Further clinical implication of our results is that they can help to appreciate the relative support provided to arms of different weights, depending on the selected spring settings. Spring setting G (U1L1) provides over 100% unloading to arms weighing up to 4 kg (Fig. 4, bottom-above dash line), but only 75% unloading for a 6 kg arm (Fig. 4, bottom, below dash line). Thus, lighter arms receive relatively more support than heavier arms in the unloading region, but bear relatively more exoskeleton weight in the loading region. Moreover, the relative amount of loading and unloading changes faster for lighter than heavier arms within the same operating range. For example, a change in elevation of 10° will result in a change of approximately 40% in relative weight compensation for an arm weighing 2 kg but only 14% in relative weight compensation for an arm weighing 6 kg (Fig. 4, bottom). These arm weights correspond to body mass ranging from approximately 40 kg to 130 kg (for conversion, see Table 4 in ). Thus, spring settings need to be properly adjusted to achieve comparable levels of weight compensation for arms of different weight.
The operating parameters of the Armeo®Spring have, thus far, been discussed in the context of mechanical properties and their effects on the regions of loading and unloading. For practical purposes, this knowledge needs to be translated into the virtual workspace, which defines the exercise boundaries displayed on the computer screen. For example, setting the top and bottom workspace boundaries to correspond to the upper and lower limits of the operating range will permit exercises across all possible loading and unloading regions for the specified spring setting (Fig. 6). The location and size of different regions of loading/unloading on the screen will be delineated, starting from the bottom, by the lower limit of the operating range, arm balance angle, exoskeleton balance angle, slack angle, and upper limit of the operating range (Fig. 6). Within the entire workspace (screen), therefore, flexion and extension movements will be either assisted or resisted depending on the direction of movement and degree of loading/unloading provided by the selected spring setting to the arm of a given weight. Accordingly, the operating principles and settings of the Armeo®Spring should be carefully taken into account when configuring the virtual workspace in order to select exercise type and difficulty level commensurate with the residual muscle strength of upper arm flexors and extensors.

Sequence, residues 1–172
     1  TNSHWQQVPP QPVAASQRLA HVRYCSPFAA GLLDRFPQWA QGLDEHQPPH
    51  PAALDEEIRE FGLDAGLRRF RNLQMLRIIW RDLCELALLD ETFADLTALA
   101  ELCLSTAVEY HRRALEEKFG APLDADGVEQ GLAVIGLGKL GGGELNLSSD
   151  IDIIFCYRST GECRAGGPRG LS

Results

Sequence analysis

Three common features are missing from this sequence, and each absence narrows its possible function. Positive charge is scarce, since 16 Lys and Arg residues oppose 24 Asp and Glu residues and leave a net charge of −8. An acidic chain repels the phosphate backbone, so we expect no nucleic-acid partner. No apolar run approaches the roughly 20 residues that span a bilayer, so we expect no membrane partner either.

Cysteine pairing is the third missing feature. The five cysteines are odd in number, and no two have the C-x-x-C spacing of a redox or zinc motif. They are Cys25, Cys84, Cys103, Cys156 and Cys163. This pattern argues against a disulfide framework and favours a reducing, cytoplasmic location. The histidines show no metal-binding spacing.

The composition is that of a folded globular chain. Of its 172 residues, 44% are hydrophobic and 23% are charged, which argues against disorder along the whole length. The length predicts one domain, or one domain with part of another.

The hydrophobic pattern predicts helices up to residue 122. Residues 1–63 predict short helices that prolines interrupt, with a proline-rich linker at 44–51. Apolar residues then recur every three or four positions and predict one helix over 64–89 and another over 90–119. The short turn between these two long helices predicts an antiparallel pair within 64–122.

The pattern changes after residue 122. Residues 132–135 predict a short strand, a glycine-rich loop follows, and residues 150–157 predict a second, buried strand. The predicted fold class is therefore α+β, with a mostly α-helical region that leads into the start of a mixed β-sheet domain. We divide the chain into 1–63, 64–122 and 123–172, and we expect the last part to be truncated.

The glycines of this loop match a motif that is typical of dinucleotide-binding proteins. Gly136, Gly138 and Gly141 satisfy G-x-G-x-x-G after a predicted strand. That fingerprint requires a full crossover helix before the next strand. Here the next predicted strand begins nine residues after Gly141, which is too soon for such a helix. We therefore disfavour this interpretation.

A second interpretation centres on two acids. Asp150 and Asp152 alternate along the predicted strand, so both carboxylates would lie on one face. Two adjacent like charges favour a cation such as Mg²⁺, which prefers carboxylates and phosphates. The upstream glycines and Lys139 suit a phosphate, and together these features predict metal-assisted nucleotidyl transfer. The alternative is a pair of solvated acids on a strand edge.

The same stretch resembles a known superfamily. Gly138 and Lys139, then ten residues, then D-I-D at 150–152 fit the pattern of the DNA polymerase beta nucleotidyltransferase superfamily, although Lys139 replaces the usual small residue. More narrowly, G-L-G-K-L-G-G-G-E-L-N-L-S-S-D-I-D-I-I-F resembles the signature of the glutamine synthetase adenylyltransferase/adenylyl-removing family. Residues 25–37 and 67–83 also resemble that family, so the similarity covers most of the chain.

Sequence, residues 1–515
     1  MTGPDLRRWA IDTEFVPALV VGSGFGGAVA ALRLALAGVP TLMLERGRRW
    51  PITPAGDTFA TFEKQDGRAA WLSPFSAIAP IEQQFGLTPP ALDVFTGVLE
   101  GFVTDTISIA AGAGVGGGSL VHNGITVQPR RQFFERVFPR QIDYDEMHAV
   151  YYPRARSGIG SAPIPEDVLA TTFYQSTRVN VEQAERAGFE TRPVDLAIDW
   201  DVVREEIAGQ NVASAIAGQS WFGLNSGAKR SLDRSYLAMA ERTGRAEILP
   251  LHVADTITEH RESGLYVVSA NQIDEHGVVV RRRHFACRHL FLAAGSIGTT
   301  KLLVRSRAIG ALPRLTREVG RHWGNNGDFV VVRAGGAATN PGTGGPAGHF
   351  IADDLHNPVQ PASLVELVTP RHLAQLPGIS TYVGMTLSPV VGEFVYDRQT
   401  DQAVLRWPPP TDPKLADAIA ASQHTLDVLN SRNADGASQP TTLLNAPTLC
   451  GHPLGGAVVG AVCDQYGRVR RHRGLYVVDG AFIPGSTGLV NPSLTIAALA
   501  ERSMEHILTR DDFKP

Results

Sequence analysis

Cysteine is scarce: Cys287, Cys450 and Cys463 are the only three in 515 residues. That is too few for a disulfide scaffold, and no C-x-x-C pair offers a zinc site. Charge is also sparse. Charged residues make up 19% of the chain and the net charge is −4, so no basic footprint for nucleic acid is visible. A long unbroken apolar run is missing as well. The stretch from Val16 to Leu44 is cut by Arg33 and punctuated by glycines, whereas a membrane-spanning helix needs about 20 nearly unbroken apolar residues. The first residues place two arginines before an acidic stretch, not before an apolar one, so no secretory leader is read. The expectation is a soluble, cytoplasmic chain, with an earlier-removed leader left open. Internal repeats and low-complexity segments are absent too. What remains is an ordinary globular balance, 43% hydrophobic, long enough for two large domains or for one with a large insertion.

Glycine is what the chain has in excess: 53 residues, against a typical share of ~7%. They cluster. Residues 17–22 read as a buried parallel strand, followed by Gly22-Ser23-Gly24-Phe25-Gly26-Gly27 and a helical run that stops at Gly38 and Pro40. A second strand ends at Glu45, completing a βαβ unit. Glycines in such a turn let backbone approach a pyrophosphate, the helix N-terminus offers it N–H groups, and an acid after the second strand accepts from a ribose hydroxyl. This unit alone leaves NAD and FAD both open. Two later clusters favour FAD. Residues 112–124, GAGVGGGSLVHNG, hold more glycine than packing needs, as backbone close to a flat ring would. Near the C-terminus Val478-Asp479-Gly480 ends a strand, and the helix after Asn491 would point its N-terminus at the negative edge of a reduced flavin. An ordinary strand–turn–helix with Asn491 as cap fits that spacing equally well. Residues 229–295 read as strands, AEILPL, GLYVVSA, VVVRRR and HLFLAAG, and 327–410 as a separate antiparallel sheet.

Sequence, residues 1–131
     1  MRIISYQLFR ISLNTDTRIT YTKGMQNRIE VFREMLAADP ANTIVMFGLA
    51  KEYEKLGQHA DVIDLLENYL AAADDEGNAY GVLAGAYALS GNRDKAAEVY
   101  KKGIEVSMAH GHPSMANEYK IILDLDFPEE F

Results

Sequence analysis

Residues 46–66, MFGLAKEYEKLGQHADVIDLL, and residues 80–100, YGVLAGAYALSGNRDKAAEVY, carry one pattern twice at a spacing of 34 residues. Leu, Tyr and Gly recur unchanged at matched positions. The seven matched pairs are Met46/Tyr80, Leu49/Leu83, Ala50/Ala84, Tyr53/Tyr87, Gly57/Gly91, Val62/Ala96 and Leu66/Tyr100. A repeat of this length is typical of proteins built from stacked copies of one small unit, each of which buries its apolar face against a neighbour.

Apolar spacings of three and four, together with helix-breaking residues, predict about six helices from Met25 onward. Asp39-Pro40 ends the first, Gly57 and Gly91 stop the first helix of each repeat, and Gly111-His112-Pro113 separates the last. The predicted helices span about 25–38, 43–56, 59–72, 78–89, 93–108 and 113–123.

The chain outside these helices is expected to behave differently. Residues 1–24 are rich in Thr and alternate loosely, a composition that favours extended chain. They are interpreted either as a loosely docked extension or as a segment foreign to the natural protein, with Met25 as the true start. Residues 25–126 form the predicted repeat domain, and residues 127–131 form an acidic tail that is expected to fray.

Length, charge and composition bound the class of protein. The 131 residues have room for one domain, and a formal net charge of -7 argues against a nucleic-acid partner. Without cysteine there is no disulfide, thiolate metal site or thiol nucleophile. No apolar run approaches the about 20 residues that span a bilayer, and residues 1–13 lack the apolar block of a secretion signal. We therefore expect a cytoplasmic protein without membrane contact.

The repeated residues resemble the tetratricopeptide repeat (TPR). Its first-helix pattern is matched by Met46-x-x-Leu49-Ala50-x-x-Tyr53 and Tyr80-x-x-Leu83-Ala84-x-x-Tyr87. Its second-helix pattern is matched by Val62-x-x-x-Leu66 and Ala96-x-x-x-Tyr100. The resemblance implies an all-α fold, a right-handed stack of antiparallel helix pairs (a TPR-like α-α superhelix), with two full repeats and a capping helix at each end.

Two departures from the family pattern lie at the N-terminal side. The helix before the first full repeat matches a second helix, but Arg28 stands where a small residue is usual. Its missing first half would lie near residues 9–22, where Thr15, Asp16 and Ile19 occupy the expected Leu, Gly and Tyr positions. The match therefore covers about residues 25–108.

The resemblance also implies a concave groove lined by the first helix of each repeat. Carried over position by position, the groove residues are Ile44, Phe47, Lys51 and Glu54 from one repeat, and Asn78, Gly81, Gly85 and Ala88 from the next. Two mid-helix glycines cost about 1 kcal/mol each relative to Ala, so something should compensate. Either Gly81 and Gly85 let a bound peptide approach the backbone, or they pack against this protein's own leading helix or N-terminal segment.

The Armeo®Spring intervention is administered in the context of user- and training-specific settings, such as arm size and weight, exoskeleton module length, spring tension, workspace, task selection, and level of difficulty, making it a rather complex intervention. To better appreciate its content, efficacy, and factors responsible for different outcomes, researchers may utilize the reported weight compensation properties of the Armeo®Spring in several ways. Our results may guide development of study aims that would attempt to isolate active ingredients of the treatment provided and draw a causal link with the outcome. With respect to study design and execution, the results provide a framework for predefining, standardizing, and consistently recording various relevant input parameters described here, as well as, for planning progress over time beyond dose, intensity, and frequency. In this way, better fidelity of intervention can be achieved, thus, strengthening validity of results. This would allow for more precise reporting of details of intervention applied, which has been a common problem in the field [19, 20], yet it is mandatory per the Consolidated Standards of Reporting Trials (CONSORT) guidelines . Finally, this would make it easier to replicate studies, define next research steps, and conduct systematic analysis of Armeo®Spring outcomes.